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A highly configurable Linux Bluetooth scanner with optional web interface.
A highly configurable Linux Bluetooth scanner with optional web interface.


Bluelog Status Update

So long story story short, due to some personal issues, development on Bluelog has been largely on hold for quite some time. Things are settled down a bit now for me and I'd like to get through the backlog of fixes/improvements I've been collecting.

But first, I really need to get the current development version out into a stable release (1.1.3). To that end, if anyone could do some testing on the current development version in GitHub, I would be extremely appreciative.

Specifically I'm looking to make sure Live mode behaves appropriately on different platforms/servers, as I got at least one report of problems (though I was unable to reproduce on my end).
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For a limited time you can sign up and get a free TrackR BLE device. I've used these in the past, and they are a very well put together little device.

Excellent way to get started experimenting with BLE.
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Native network support in Bluelog

Thanks to the assistance of Ian Macdonald, I'm happy to announce that Bluelog now has native networking support.

Networking is the first feature of Bluelog that is not configurable via the command line; there are just too many variables at this point. So you'll need to check out the networking section of bluelog.conf (under /etc/bluelog) to get things like server IP setup.

But what about the server side? All you need is something that will listen on a port for UDP traffic, which you can easily do with netcat. I'll be including a simple Perl script with Bluelog soon if you're looking for something a bit more turn-key.

If you're interested in checking out the new UDP networking mode, just pull down the latest version of Bluelog from GitHub and have fun.
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So, apparently Bluetooth Low Energy (BLE) scanning under Linux requires root...
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Phase 1 of creating a Bluetooth scanner: Get a lot of Bluetooth compatible devices.
2014 Family Portrait

Its been awhile since I got them all out, so I thought I would post a picture of the current fleet.

Now I haven't use each one of these as a daily driver (especially the pink one...), but they have all been used in some capacity or another for research purposes.

Bonus points for anyone who wants to try to ID them all. Who can figure out the most?
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In the latest issue of 2600 somebody wrote in with a idea of using Bluetooth to find survivors in a natural disaster, building collapse, etc.

The person suggests that people be told to set their devices to something like "SOS" and make sure they are put on discoverable mode. This seems like a pretty tall order for somebody who is stuck under a pile of ruble to remember, but the idea isn't without merit. Being able to search for devices with a known name (or even MAC) may be useful.

Anyone think adding this feature would be worthwhile? I was thinking having a file under /etc/bluelog that would contain Bluetooth device names to keep an eye out for, and when Bluelog found one it would...well, I'm not sure about that part yet. Something like a special syslog message perhaps. Or maybe run a command specified in the configuration file.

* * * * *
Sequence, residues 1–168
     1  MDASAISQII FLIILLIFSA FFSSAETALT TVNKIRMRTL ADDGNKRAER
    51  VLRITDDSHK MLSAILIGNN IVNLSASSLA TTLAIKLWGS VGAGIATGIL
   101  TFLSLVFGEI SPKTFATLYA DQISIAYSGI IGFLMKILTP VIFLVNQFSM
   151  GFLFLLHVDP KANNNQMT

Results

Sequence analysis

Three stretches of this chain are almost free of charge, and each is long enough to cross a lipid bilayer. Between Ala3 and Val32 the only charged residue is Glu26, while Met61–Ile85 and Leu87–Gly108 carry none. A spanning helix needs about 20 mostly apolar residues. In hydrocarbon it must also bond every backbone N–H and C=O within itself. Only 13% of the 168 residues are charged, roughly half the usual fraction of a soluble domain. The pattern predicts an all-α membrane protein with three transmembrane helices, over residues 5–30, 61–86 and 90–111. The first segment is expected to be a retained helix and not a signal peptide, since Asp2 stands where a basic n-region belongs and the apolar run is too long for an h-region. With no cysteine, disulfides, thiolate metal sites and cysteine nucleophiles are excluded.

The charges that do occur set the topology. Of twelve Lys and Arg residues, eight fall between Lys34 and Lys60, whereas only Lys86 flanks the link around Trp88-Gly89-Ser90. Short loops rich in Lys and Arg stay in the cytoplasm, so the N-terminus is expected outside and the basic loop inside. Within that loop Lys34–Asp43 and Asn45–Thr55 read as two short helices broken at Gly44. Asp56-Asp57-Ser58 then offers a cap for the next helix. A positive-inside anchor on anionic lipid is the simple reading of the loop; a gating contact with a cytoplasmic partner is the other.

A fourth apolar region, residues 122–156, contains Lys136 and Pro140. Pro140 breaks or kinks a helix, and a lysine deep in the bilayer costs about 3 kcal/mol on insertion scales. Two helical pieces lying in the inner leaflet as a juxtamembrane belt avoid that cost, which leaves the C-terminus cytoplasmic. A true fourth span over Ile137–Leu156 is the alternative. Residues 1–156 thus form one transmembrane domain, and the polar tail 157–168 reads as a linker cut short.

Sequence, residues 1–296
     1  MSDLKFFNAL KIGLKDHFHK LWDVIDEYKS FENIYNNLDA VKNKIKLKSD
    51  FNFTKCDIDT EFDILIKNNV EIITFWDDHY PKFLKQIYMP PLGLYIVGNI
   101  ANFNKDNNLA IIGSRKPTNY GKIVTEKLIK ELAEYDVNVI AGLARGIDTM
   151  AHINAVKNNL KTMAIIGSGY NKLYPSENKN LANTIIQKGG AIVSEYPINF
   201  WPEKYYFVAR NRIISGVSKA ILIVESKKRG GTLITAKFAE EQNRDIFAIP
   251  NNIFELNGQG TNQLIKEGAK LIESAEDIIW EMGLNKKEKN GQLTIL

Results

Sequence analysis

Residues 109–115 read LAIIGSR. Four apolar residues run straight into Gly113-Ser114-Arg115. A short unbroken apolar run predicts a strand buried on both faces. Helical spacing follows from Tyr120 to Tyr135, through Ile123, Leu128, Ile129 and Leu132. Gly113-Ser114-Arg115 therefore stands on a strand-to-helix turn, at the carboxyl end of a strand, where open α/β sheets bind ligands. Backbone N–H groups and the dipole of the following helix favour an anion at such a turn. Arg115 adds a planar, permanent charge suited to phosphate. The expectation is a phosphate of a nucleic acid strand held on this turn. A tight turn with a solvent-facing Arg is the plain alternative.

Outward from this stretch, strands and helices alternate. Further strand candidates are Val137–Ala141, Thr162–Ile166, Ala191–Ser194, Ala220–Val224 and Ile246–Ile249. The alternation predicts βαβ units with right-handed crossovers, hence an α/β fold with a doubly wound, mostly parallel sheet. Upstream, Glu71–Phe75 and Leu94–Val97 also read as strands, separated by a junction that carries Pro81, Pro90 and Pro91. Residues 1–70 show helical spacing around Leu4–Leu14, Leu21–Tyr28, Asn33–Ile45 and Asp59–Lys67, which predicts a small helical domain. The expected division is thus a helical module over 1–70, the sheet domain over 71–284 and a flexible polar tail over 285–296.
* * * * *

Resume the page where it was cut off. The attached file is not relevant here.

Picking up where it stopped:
The person who wrote the letter decided to do so anonymously for some reason; so I can't contact him/her directly to get any more info on what they had in mind. Don't suppose the person who wrote the letter will find this post?
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The latest commits to the development build of Bluelog enable something it has taken far too long to get around to doing: config file support. Now you can configure Bluelog's voluminous options in /etc/bluelog.conf rather than having to always use the command line.

To enable config file mode, simply run Bluelog with no options; it will check for the config file and run whatever setup it contains.

Any feedback and testing would be appreciated on this.
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Bluelog 1.1.2 Released

Bluelog 1.1.2 is a minor release, primarily dealing with visual and functional improvements to Bluelog Live mode. Bluelog Live now has a new default theme, as well as a novelty theme for fun, and there is improved support for more complex themes (take a look at README.LIVE for more info).

Other features of 1.1.2 include documentation improvement/pruning across the board, a new target for the Pwnie Express Pwn Pad, and a fix for a critical bug with the obfuscate (-x) function from 1.1.1.

Starting with this release, you can get the latest tarball directly from GitHub:
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Obfuscation Bug in 1.1.1

Just to let everyone know, there is a buffer overflow bug in Bluelog 1.1.1 which will cause a crash when using the obfuscate (-x) option after the first device has been scanned.

I've fixed this in the development version, and will likely be releasing 1.1.2 soon to address this problem, but in the meantime you use 1.1.0 if you need MAC obfuscation. Otherwise switch over to encode (-e) option if you want to keep MACs anonymous with 1.1.1.
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